Project, Lux Aeterna. Image courtesy Jack Self

The richest in society keep getting richer, while the poorest now have little hope for improving their condition. Consequently, for one class of people (the 1%), luxury remains about opulence. There is so much concentration of money in this class that they literally do not know what to spend it on. I encourage you to research hyperaccumulation and its effects on stock markets. At the same time, the other class of people (the 99%) cannot economically compete with the 1% for this type of luxury and have tried to develop a type of “cultural capital” luxury. The strategy for the 99% is to not focus on cost, but on obscurity, rarity, inside knowledge, elitist social groups, etc. My interest here is the luxury of this second class (even if I still secretly harbour power envy for lavishness, I know it is out of my reach so it is hardly relevant).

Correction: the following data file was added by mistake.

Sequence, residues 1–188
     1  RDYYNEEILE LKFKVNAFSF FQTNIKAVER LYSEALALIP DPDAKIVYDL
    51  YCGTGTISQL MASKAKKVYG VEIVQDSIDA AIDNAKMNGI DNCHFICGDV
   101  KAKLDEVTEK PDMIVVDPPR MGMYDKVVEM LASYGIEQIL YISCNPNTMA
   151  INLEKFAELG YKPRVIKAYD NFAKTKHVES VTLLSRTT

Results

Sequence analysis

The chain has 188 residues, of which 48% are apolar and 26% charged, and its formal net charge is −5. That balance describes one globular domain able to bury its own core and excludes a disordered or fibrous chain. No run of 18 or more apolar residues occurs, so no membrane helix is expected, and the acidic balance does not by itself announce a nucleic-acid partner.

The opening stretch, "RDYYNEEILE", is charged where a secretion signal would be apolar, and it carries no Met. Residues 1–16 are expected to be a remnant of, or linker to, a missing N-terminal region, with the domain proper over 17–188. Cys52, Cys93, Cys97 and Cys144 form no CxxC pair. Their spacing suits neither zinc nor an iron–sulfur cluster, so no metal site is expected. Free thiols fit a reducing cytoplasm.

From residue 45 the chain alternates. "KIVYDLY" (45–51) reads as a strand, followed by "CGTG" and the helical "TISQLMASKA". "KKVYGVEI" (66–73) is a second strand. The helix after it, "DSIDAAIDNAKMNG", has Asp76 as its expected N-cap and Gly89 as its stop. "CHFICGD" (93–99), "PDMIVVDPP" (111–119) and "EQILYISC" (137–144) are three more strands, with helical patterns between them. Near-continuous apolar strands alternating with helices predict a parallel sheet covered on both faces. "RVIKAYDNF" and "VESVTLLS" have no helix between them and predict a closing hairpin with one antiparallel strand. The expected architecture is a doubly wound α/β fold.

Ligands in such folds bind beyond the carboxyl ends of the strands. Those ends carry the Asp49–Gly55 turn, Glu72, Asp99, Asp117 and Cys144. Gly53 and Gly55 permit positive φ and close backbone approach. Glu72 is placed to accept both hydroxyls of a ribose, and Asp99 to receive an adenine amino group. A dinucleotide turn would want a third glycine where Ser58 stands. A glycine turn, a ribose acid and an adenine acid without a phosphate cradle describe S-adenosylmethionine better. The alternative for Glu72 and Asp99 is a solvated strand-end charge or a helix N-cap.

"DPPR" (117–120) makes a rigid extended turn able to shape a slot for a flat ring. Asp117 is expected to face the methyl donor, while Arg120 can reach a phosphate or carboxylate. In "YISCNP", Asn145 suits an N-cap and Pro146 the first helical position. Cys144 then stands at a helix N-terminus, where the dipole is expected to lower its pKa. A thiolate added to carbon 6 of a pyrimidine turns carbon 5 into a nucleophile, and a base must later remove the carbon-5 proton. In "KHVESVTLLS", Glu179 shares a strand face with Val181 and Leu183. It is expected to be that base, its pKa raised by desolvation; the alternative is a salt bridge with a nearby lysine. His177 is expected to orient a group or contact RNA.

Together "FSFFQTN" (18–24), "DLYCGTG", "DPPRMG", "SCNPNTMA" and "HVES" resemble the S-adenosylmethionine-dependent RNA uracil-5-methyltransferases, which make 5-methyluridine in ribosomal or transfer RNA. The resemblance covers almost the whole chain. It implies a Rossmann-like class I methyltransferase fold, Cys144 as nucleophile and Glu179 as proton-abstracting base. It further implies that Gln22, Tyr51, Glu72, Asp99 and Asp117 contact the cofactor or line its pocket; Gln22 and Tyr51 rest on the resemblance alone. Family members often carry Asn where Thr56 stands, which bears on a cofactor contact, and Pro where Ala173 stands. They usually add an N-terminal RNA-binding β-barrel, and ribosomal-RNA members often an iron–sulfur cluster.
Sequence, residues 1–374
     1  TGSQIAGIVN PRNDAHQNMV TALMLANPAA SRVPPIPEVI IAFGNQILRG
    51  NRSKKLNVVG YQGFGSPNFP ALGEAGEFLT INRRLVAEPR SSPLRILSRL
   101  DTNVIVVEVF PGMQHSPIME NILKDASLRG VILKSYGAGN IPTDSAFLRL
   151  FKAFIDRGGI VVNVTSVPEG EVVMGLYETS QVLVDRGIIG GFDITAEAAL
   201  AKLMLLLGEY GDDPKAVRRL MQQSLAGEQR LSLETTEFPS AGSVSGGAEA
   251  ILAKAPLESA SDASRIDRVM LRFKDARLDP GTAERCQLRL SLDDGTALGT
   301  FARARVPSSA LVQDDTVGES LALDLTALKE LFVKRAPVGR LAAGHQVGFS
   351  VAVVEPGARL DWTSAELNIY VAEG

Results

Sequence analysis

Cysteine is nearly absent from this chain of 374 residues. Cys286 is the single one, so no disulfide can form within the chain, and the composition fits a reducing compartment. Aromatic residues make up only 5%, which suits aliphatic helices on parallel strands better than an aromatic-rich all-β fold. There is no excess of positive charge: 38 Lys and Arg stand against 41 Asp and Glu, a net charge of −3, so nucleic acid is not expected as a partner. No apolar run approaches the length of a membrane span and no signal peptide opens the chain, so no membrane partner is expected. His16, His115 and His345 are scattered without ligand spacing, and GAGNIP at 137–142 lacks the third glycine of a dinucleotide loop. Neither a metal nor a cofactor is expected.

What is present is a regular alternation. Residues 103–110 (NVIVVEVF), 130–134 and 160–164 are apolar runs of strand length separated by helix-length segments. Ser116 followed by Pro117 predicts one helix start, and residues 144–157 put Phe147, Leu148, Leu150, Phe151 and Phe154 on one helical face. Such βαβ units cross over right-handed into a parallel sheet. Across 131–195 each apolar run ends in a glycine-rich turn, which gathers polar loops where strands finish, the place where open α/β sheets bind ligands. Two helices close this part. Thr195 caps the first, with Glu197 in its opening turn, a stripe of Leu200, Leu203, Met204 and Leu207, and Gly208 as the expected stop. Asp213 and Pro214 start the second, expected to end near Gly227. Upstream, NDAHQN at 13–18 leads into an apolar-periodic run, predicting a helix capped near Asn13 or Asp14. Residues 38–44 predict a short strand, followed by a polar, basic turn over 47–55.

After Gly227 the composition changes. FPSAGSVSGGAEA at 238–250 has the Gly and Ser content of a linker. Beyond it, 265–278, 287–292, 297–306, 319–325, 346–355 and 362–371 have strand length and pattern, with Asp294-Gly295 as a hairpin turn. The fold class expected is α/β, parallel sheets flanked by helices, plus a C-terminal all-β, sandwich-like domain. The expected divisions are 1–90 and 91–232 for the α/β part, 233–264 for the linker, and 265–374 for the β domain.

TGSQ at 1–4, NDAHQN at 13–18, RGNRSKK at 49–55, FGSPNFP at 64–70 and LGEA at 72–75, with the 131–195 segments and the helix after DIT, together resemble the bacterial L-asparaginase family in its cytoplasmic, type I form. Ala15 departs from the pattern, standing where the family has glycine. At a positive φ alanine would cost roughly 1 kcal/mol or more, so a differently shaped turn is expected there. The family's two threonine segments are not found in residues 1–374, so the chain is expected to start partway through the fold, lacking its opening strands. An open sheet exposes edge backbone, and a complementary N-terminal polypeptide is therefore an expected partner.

Sanctity of the domestic space

Privacy, security and control over one’s own time can be understood as luxuries today because they are rare or scarce. They are actually all facets of one concept, a kind of ur-luxury, which is freedom. This is my greatest desire, and the most perfect luxury.

Where can we find these types of freedom today? As an architect, I am obsessed by domestic space. Since society emerges from the sum of its families, I believe that careful design of the home can directly promote freedom and equality in general. To illustrate this point, imagine if you never had to pay for housing again, and were always able to have a high-quality and appropriate space. It would radically change what you decide to do with your day and your life, how you form relationships, and thus the values of civilisation.